Exposing Healthcare Fraud: Whistleblowing 101
By Andray K. Napolez
Andray K. Napolez is an assistant attorney general in the special litigation bureau of the Illinois Attorney General’s Office. He can be reached at anapolez@atg.state.il.us.
The Federal False Claims Act, 31 U.S.C. § 3729 et seq., and certain state false claims acts closely modeled after the federal Act (CA, DE, DC, FL, HI, IL, IN, LA, MA, MI, MO, NH, NM, NV, TN, TX, and VA) (collectively, the acts) are gaining momentum as a mighty weapon to wield against fraud in the healthcare arena. Under the acts, also referred to as whistleblower and qui tam acts, a private citizen may bring an action on behalf of the government to recoup funds illegally obtained by a defendant as a result of a false claim (or damages related to a defendant’s failure to pay an obligation to the government—a reverse false claim). In fact, the term qui tam is an abbreviation of the Latin phrase qui tam pro domino rege quam pro seipse, meaning he who sues for the king as for himself.
False claims perpetrated by healthcare providers include charging for services not performed; billing more than once for the same service; upcoding, in which the provider changes or falsifies billing codes on services performed to maximize Medicare/Medicaid reimbursement; performing medically unnecessary testing; and falsifying documents that certify a patient’s need for treatment.
Pharmaceutical manufacturers and their sales reps also contribute to healthcare fraud by (1) marketing off-label uses for their drugs that fall outside the FDA approved uses (and thus have not been proven safe and effective); (2) inflating the price of drugs for Medicare/Medicaid claims while giving deep discounts or free samples to practitioners, encouraging them to prescribe that particular drug over another (this practice is also known as “marketing the spread”); and (3) suppressing reports of a drug’s adverse effects.
Complaint Process
The acts have a precise protocol that a whistleblower (or relator) must follow in order to preserve her whistleblower claim to a future share of any recovery, and negotiating these steps can be complicated. Generally, the claim develops as follows:

1. The whistleblower discovers fraud in the course of her employment or business interactions and consults with a qualified whistleblower attorney.

2. Together, the relator and her attorney research the alleged fraud and, if the evidence is sufficient to support the claim, file a complaint under seal. Filing under seal is mandatory because it gives the government an opportunity to evaluate the claims without alerting the defendant to the potential suit.

3. The relevant attorney general’s office is notified of the fraud and supplied all documentation (this may be federal, state, or both depending on where the fraud occurred and where the claim was filed).

4. The government has 60 days to investigate the claim and decide whether to intervene in the case. This is typically far too short a period for an adequate investigation; therefore, extensions are often granted.

5. Upon completion of its investigation, the government may intervene or the relator may pursue the case individually should the government decline intervention. The government, however, may intervene in a case at any time, even if it previously declined intervention.

6. After the decision for or against intervention is made, the case is unsealed. The defendant is served with a copy of the complaint and any disclosure materials the relator has to support her claims. The case follows the normal course of litigation from this point forward.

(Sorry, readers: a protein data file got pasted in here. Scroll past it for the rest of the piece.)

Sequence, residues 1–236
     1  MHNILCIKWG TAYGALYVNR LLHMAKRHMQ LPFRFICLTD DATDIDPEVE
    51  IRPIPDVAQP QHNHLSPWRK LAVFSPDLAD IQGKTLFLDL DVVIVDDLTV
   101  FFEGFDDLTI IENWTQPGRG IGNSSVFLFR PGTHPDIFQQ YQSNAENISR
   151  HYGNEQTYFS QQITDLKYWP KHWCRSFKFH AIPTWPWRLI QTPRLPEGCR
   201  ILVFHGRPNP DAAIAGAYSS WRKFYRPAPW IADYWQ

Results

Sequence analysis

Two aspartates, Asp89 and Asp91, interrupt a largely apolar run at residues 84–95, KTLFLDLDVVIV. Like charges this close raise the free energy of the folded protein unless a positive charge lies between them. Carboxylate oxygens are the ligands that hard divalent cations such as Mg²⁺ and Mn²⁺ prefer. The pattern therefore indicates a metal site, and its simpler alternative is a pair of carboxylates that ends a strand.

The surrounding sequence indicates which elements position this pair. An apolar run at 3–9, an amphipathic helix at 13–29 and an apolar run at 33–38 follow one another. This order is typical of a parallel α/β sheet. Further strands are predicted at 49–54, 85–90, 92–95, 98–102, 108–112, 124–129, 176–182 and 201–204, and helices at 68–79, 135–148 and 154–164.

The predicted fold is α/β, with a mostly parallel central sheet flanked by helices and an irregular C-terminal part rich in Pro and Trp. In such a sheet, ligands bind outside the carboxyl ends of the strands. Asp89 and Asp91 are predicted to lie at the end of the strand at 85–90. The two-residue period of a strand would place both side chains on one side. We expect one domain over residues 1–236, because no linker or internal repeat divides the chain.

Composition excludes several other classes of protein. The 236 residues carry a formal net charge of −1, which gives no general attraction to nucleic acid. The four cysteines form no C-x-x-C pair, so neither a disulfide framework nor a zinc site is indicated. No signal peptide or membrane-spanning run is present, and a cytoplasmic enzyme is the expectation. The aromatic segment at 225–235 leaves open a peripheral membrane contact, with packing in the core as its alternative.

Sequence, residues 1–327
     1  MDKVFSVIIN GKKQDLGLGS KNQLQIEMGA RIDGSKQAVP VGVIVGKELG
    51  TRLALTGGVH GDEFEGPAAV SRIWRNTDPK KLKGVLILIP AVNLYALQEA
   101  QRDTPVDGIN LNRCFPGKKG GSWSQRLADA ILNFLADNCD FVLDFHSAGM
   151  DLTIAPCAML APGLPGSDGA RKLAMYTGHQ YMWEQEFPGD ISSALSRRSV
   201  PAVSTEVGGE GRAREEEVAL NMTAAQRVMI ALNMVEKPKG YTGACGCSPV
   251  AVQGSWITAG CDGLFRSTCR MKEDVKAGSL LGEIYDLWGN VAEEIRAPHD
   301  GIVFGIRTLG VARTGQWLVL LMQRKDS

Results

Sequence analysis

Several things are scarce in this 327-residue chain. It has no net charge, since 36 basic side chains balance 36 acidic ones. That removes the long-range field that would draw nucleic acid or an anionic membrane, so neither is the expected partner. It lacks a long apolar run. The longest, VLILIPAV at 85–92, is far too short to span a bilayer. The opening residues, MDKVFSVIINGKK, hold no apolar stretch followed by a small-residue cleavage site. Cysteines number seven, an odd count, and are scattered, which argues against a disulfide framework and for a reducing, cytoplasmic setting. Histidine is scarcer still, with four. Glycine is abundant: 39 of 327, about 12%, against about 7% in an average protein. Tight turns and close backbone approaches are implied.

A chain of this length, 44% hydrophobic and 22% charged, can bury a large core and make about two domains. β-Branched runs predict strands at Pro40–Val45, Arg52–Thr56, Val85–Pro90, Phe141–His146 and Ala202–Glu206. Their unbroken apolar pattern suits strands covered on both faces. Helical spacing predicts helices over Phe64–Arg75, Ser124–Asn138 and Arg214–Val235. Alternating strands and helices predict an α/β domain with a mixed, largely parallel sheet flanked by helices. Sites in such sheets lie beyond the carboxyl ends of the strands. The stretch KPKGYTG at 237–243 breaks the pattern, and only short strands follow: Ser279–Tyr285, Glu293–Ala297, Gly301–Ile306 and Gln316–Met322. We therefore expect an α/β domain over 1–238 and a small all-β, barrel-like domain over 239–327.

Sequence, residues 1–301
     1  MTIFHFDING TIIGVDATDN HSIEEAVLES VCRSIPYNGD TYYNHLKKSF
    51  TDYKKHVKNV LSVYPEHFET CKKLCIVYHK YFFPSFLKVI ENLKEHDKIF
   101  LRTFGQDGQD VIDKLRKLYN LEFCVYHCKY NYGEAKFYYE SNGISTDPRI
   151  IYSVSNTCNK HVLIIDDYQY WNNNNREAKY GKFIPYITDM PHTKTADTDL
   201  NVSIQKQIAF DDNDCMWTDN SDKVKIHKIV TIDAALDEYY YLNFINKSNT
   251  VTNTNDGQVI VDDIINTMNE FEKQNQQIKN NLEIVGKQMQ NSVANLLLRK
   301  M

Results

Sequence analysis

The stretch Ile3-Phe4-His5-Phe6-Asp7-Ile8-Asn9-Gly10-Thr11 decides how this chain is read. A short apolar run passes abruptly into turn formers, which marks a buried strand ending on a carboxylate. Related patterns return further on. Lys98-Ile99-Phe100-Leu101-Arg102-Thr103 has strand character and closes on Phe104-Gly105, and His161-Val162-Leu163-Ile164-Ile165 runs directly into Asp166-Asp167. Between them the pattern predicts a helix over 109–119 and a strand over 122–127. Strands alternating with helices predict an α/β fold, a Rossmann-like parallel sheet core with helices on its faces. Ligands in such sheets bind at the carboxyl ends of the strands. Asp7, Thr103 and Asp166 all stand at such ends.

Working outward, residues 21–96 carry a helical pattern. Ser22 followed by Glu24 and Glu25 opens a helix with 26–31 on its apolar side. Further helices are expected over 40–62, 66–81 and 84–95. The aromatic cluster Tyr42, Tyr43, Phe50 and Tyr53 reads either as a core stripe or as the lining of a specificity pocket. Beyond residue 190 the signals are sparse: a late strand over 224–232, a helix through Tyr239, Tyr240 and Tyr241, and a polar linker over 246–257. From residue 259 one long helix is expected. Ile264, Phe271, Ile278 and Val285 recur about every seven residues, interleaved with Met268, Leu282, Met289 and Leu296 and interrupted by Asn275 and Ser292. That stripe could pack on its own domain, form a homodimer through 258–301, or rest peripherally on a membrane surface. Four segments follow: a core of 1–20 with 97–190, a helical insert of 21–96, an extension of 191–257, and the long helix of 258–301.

If a whistleblower’s suit alleging fraud is proven and damages are awarded (or if the case is settled), the relator is entitled to 15 to 30 percent of the government’s total recovery. This total is based on the total amount of materials and services fraudulently billed, trebled (multiplied by 3), plus $5,500 to a maximum $11,000 in penalties per false claim, depending on where the claim is filed.
In recent years, suits brought under the acts have produced staggering settlements and jury awards. In 2001 Tap Pharmaceuticals agreed to a $560 million settlement for allegedly marketing the spread and concealing its best price for its cancer drug, Lupron, from Medicare/Medicaid. (Government programs require manufacturers to report their lowest or “best” price to ensure the government gets the same deal others do.) In 2004, Pfizer agreed to pay $430 million to settle federal and state whistleblower suits alleging its subsidiary, Warner-Lambert, encouraged physicians to prescribe the company’s antiseizure drug, Neurontin, for various non-approved, off-label uses. In October 2006, a jury found the managed care organization Amerigroup liable for at least $144 million (penalties are still being calculated) for refusing to enroll women in their third trimester of pregnancy because the women’s medical needs typically conflicted with Amerigroup’s cost-saving directives. These examples illustrate the power of whistleblower acts from a public insurance perspective—i.e., the recoveries are primarily a result of overpayment by federal and state Medicare and Medicaid services.
And there’s more. Plaintiffs in a recent Illinois case employed the Illinois Insurance Claims Fraud Prevention Act, 740 ILCS 92/1 et seq., to combat the medically unnecessary use of electrodiagnostic testing by untrained, unsupervised technicians. This act allows a relator to file claims on behalf of private insurance companies, just as a whistleblower would file on behalf of the government. Check to see if your state has an equivalent provision.
• Health Care Fraud and Abuse, with 2006 Cumulative Supplement. PC # 1620214P9578. Health Law Section.
• Sarbanes-Oxley: Update on Recent Decisions. 2006. PC # CEL06SOUC. ABA Center for CLE, Section of Litigation.